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02 Oct, Sunday
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Montreal Families

Wear a pink shirt to show solidarity against bullying

On Feb. 22, parents are encouraged to send their kids to school in a pink shirt as part of a national effort to take a stand against bullying.

Pink shirts became a symbol of tolerance after a 2007 incident, when a teenaged boy from Nova Scotia was bullied for wearing a pink shirt to school. The next day, two students went to a discount clothing store and purchased 50 pink tank tops. In a show of solidarity, the boys handed them out to male students as they entered the high school the next day. The incident put an end to the harassment for the teenager and marked the beginning of a national anti-bullying movement that culminated in declaring an annual Pink Shirt Day.

In order to raise awareness in Montreal, the Boys & Girls Club of Dawson Community Centre in Verdun has been making and selling pink shirts for more than seven years.

This year, the specially designed shirt will feature cartoon children of different ethnicities and faiths holding a banner that reads, “Together in Pink/Ensemble en rose.”

Cindy Cohen, coordinator for the Parents & Tots program at the non-profit organization, says that wearing a pink shirt raises awareness and keeps the conversation going about bullying. T-shirts cost $10 and orders can be placed directly with the community centre.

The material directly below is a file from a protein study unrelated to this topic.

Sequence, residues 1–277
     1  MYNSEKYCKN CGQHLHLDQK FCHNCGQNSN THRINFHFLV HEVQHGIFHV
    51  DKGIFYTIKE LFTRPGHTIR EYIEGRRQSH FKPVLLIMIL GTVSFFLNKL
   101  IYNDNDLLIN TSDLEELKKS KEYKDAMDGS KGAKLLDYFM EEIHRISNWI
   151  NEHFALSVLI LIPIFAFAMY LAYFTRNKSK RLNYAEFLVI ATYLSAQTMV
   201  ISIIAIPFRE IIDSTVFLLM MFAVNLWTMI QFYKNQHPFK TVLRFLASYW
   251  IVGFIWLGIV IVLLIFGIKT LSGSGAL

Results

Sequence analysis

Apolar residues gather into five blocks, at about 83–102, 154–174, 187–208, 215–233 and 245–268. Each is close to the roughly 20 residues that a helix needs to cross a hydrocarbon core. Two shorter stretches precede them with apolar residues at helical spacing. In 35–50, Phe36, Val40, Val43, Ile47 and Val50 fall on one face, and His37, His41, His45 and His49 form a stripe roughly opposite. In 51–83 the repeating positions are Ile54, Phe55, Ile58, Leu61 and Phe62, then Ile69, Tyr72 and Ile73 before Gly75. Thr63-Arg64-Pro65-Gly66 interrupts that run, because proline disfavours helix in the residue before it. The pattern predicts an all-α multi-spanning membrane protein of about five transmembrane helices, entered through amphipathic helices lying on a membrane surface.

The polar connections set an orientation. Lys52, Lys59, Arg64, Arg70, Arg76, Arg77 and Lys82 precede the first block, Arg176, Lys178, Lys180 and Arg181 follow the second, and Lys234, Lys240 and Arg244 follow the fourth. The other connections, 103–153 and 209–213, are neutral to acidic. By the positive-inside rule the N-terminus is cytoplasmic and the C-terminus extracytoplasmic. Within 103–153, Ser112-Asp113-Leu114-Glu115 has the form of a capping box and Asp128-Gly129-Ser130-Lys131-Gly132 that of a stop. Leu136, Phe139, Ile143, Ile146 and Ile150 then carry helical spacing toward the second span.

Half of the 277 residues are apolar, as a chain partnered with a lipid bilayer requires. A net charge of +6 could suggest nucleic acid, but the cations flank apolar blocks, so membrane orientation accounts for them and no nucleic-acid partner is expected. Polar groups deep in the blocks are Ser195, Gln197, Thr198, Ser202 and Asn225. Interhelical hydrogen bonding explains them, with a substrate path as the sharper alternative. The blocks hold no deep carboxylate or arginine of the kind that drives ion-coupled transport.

This year, the organization will also be hosting a series of workshops throughout the month of February to offer advice about how to respond to different types of bullying.

On Feb. 7, there will be a one-hour session focusing on how to discuss the topic with young children. The Feb. 20 workshop is a family day held in collaboration with the children’s group Verdun Storytime. In this workshop, geared to little ones under 5, kids will learn the importance of communication as a key tool against bullying.

On Feb. 22, there will be a LGBTQ (Lesbian, Gay, Bisexual, Trans and Queer) sensitization workshop led in collaboration with LGBTQ Rainbow Umbrella, a non-profit organization for young people in Verdun. Although the workshop is open to the general public, it is aimed at parents with children who identify as LGBTQ.

To wrap up the workshop series, there will be a session led by a police officer on Feb. 25 highlighting the harmful effects of cyber bullying. The workshops are free but advance registration is required. The Boys & Girls Club of Dawson Community Centre, is located at 666 Woodland Ave.

For more information, visit dawson.bgccan.com.

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